Left alone after her mother runs off with another man and her father kills himself, Elena attempts to make a new life for herself in a new city. Believing he's a friend, Elena goes to ... See full summary »
Cuba, 1850. On a sugar-cane plantation, the master and his wife are happy : they're expecting a child, their slaves are quiet. But tonight, as the full moon rises, the sound of the drums ... See full summary »
Alfredo B. Crevenna
Rosa Elena Durgel
A young woman, abandoned by her womanizing fiancé, is forced to provide for the upbringing of her son and combat the difficulties of being an unmarried mother during the strife of early 20-... See full summary »
Dolores del Rio,
In Mexican Revolution times, a guerrilla general (Armendáriz) and his troops take the conservative town of Cholula, near by Mexico City. As the revolutionaries mistreat the town's riches, ... See full summary »
Jaime Karin is an astrologer, fortune teller and a scam artist, who uses his wife who works in an elegant beauty salon, to find out information on future wealthy clients, through her he ... See full summary »
Arturo de Córdova,
In México City, a Cuban dancer from "Cabaret Changó" rescues a baby from a garbage can and decides to raise him, but her pachuco pimp gets in her way. Written by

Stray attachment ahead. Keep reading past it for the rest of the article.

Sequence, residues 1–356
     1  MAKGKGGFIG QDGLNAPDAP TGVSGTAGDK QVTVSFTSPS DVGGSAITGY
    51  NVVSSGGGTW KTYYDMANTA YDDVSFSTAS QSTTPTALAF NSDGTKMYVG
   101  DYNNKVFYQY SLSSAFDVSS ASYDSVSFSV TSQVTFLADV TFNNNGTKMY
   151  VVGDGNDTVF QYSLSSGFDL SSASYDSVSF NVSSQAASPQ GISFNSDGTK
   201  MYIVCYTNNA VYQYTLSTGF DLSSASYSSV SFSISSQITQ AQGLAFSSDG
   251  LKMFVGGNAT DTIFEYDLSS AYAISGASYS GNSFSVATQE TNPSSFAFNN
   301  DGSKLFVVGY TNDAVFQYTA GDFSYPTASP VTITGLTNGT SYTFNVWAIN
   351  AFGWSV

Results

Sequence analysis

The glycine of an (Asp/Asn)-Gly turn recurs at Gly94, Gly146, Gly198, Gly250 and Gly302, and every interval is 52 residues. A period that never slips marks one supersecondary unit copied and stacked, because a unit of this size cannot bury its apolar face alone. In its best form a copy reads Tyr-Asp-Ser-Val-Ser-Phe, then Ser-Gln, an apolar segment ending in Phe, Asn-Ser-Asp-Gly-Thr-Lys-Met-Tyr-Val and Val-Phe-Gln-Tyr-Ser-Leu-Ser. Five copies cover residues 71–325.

Edgar Soberón Torchia <email@example.com>
Immediately after "Aventurera", Ninon Sevilla was top-billed in "Victimas del pecado" (1950). Powerfully directed and co-written by Emilio Fernandez, here is a movie that almost tops its predecessor in noir ambiance and gritty effects. Particularly striking is the use of black smoke from passing trains to color Junco's cabaret which is literally located on the wrong side of the tracks. Our old friend, Rodolfo Acosta, gives his most chilling portrayal ever as the unscrupulous heavy whose flamboyant style is neatly contrasted by expressionless yet charismatic Tito Junco. Sevilla, of course, is once again in her element as the swirling dancer with a heart of gold, although Fernandez has obviously ensured that the musical numbers are more realistically presented. In fact, even the obligatory song by Pedro Vargas is better integrated into the narrative (even though introduced by an unlikely fanfare what is Vargas doing in such a low dive? Slumming? And how come he brought his full orchestra with him?) and Vargas himself is much less stiff than usual. And, as might be expected, Figueroa's low-key photography is a stand-out, as are the gloriously cavernous, seedy sets designed by Manuel Fontanals. In the support cast, Rita Montaner is delightfully over-the-top (the sub-titles are rather bland compared to what she actually says), while Poncianito makes his shoeshine boy as solidly believable as Margarita Ceballos enacts her pitifully weak Rosa and Francisco Reiguera his squalidly hawkish yet often ineffective manager.
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